Summer is prime travel time for families. So when my husband called my attention to an online debate related to traveling, I thought I'd share it with you. Journalist Christopher Elliott, who writes syndicated column Travel Troubleshooter, asked readers on his blog whether it was acceptable for airlines to ban babies from first class.
As I suspected, both sides of the debate had plenty of ammo and anecdotes to support their opinion. It's a provocative question and one that may gain broader attention now that at least two airlines have limited first class to adults only. I don't think any US carrier wouldn't touch this issue. It's too controversial. Why anger potential customers when you want to sell tickets?
From a parenting standpoint, I would not appreciate any airline making an official policy of banning babies (or children) in first class, but I would understand why the sentiment exists. People get nervous when they see families with young children walking toward them down the aisle. Yes, babies cry and they can get especially cranky on flights. However, the problem isn't necessarily where children sit or kids on flights in general. I think what matters is each passenger being considerate of everyone else while enclosed in a small space for a set amount of time.
Some make the point that passengers wearing strong perfume, making loud, last-minute phone calls, drinking one too many alcoholic drinks, etc. are just as bad as crying babies. I guess that depends on your tolerance for strong smells because I'd take a baby over perfume any day!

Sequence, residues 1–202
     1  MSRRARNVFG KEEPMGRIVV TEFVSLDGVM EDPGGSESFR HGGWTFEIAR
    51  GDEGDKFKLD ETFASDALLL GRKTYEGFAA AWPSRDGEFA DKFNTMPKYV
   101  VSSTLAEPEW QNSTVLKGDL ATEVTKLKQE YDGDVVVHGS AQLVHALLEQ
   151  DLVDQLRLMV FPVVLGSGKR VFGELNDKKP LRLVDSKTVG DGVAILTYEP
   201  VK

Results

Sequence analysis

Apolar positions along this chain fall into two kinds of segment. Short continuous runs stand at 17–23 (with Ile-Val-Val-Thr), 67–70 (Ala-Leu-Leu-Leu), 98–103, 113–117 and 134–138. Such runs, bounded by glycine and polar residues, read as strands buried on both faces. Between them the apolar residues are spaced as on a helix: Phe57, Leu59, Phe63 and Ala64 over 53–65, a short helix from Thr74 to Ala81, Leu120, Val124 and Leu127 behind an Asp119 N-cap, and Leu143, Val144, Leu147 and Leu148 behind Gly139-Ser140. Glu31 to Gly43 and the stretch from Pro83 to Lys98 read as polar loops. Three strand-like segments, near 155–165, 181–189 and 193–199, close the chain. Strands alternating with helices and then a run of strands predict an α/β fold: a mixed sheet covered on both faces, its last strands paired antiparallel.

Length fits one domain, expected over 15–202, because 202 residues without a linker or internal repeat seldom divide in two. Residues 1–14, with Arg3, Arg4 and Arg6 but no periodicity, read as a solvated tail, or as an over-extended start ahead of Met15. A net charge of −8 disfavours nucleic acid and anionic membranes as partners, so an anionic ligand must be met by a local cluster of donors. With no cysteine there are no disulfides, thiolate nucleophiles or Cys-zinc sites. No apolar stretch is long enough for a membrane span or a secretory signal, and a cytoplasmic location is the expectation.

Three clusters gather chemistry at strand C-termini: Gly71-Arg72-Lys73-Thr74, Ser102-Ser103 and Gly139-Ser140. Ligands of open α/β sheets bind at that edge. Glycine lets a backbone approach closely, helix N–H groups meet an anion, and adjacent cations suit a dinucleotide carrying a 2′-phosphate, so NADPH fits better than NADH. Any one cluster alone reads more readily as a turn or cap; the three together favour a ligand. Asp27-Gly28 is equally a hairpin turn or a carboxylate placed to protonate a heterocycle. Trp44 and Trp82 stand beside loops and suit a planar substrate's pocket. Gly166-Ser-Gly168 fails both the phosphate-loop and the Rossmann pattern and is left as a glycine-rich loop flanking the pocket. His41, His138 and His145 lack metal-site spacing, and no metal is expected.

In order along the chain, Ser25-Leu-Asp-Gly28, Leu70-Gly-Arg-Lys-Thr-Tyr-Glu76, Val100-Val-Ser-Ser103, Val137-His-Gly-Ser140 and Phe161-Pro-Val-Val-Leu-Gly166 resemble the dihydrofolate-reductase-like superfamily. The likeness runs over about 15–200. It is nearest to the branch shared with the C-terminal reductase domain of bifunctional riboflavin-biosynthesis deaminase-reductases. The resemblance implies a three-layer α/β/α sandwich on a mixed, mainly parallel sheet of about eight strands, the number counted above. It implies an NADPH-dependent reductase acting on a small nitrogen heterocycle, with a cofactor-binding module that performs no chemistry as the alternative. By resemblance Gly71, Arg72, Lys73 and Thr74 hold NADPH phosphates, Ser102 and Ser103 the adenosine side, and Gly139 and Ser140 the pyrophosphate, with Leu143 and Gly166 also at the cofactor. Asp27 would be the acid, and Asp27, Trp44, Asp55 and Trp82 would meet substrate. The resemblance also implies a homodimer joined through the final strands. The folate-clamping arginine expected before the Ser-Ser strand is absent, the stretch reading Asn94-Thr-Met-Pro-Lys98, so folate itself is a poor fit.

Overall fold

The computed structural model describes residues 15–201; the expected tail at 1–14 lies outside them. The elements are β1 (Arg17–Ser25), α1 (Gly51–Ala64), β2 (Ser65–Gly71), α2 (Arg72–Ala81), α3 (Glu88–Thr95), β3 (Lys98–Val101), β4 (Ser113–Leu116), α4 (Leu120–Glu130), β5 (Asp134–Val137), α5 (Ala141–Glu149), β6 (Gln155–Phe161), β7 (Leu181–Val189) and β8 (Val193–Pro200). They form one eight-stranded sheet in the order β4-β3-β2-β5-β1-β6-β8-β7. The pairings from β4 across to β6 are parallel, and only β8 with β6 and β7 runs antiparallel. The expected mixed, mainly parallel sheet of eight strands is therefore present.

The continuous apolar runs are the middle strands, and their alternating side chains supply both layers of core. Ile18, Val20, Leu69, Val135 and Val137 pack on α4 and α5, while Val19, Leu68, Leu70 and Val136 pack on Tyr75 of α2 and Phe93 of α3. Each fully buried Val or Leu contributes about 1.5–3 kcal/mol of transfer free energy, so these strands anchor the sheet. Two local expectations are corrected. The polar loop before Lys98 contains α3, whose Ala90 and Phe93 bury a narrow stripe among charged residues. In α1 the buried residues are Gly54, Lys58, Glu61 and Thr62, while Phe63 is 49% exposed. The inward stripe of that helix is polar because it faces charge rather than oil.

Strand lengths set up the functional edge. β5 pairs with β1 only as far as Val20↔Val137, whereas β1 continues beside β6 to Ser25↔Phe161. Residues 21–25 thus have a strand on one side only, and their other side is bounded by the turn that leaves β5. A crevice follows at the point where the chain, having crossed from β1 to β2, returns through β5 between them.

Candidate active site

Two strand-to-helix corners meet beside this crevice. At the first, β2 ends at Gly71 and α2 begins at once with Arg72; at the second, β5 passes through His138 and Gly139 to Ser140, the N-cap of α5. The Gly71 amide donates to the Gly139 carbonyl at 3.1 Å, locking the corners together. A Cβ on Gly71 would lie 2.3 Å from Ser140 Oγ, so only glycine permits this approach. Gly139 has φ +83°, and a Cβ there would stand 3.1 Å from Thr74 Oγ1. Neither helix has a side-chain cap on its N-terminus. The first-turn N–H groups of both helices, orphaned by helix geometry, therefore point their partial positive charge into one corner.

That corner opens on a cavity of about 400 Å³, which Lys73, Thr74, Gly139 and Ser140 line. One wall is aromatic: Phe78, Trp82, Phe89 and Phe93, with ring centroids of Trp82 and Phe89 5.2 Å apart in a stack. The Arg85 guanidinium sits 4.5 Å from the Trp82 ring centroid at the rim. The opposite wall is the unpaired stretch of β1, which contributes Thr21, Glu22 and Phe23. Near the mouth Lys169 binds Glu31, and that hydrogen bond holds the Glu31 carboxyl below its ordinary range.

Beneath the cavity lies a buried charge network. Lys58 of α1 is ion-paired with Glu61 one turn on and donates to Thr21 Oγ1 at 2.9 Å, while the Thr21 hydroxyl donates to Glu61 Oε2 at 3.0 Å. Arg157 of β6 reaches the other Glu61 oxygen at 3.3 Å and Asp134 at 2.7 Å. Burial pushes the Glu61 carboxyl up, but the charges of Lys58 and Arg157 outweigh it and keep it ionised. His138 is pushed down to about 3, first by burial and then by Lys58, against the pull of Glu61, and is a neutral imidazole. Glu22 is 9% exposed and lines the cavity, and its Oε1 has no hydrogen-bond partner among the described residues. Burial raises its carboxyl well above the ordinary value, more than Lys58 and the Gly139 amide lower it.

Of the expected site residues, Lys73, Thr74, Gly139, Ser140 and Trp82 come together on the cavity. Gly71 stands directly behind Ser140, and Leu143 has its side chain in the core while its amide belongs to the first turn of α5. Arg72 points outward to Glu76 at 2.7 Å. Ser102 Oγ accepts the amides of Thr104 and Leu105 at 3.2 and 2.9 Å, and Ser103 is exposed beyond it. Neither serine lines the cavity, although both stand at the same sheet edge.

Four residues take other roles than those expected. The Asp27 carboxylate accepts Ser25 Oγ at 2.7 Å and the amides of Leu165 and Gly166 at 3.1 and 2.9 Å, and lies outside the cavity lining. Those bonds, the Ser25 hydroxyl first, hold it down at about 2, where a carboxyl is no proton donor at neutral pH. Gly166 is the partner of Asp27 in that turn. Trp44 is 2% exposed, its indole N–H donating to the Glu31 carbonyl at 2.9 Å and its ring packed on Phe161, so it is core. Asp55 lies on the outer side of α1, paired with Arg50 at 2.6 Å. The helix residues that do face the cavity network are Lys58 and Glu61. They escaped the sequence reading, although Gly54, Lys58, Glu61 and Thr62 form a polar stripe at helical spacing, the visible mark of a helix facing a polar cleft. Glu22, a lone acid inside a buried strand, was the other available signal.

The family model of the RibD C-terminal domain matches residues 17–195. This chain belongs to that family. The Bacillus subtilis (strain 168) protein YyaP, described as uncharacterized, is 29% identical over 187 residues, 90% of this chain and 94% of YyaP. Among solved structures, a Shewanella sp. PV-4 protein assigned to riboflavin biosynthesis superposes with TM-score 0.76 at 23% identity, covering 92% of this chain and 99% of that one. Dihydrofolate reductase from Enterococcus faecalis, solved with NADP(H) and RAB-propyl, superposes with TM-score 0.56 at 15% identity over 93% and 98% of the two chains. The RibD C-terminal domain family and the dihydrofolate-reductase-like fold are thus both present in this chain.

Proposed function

Seriously though, it seems like air travel could be a much more enjoyable experience if parents prepared the best they could and other passengers cut them some slack. It's not a perfect system, but my family feels a real sense of accomplishment when we plan and execute a smooth travel day. It requires planning ahead, like finding the best flight times and bringing a Mary Poppins assortment of fun in my carry-on bag.
We've probably been on two-dozen flights with Kellan and only one flight nearly two years ago stands out as a real disaster. The kindness of another passenger saved me from breaking down and I hope someday I can help another mom in the same situation.
Because he has traveled so much, Kellan is a good little passenger but I wouldn't fly first class with him. The cost of the tickets would be better spent on experiences at our destination. Also, why get a seat in a section where almost everyone wants to put on their noise cancelling headphones and tune out when he could sit in front of someone who will return his smiles when he peeks over his seat.
What do you think about the air travel experience these days? What can make it more pleasant for families and people traveling without kids?